On a tour of Windsor Castle, she meets the ghosts of Prince Alemayehu of Ethiopia and Sarah (Sally) Forbes Bonetta Davies, from what’s now Nigeria. Both were brought as children to Victorian England. While Sally’s ghost can travel between locations from her remarkable life, Alemayehu, who died aged 18, sorrowfully haunts the castle buildings at Windsor, where he was buried – and remains today, despite requests from the Ethiopian government to repatriate his body.
Sally tells Zaria and her cousin Winston to help Alemayehu ‘hold onto that which binds him to home’. The children buy gifts for Alemayehu: an Ethiopian-made shamma cloth, scented oil, and a popular Ethiopian snack called kolo.
As Alemayehu revels in the scent of the oil and recalls tales of his homeland, he regains the joyful qualities of his childhood self and finally, with the shamma cloth wrapped around his shoulders, walks off with Sally – presumably to the land from which he was taken so long ago. Zaria and Winston’s adventure teaches them that African legends, objects and experiences can hold their own potent magic; and that celebrating and sharing their places in the Anglo-American world can be part of the larger work of acknowledging and repairing deep colonial harms, whose effects still resonate today.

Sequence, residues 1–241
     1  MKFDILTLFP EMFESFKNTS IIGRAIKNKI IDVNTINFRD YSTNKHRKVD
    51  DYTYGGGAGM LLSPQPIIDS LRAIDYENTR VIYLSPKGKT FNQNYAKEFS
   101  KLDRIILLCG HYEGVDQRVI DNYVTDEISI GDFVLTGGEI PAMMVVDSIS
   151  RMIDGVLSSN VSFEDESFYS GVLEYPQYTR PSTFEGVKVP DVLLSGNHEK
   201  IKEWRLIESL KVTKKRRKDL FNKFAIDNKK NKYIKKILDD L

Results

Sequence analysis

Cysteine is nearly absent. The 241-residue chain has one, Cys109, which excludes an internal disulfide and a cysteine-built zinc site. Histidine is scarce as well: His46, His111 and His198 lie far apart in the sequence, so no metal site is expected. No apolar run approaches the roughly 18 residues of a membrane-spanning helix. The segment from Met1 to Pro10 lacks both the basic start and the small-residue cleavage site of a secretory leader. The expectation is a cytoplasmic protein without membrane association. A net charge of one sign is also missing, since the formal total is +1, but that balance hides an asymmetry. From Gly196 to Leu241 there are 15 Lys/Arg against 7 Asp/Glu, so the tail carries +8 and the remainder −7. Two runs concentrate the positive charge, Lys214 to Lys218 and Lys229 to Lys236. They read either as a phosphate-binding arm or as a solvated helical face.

Choosing a book to give to a child recognizes their interests, desires, and potential. It can also have lasting educational benefits: the size of children’s home libraries has been correlated with greater literacy, numeracy, and technological skills. But above all, by introducing children to stories that reflect values like generosity and courage, the gift of a book also invites young people to engage with what their societies hold dear – and encourages them to take part in rethinking and rewriting those values for future generations.
Maria Sachiko Cecire is associate professor of literature at Bard College in New York, and currently serves as a program officer in Higher Learning at the Mellon Foundation. Her publications include Re-Enchanted: The Rise of Children’s Fantasy Literature in the Twentieth Century (University of Minnesota Press 2019).
This article is adapted from a chapter in Gifts and Books: From Early Myth to the Present, ed. Nicholas Perkins, Bodleian Library 2023, 978-1851246106, £40.00.
The book is linked to the Bodleian Library’s free exhibition Gifts and Books, open every day until 29 October 2023. It showcases some of the Bodleian’s greatest treasures, and its section on children’s literature includes original material by J.R.R. Tolkien, Philip Pullman (his own alethiometer!), Shirley Hughes, Kenneth Grahame, and Patience Agbabi.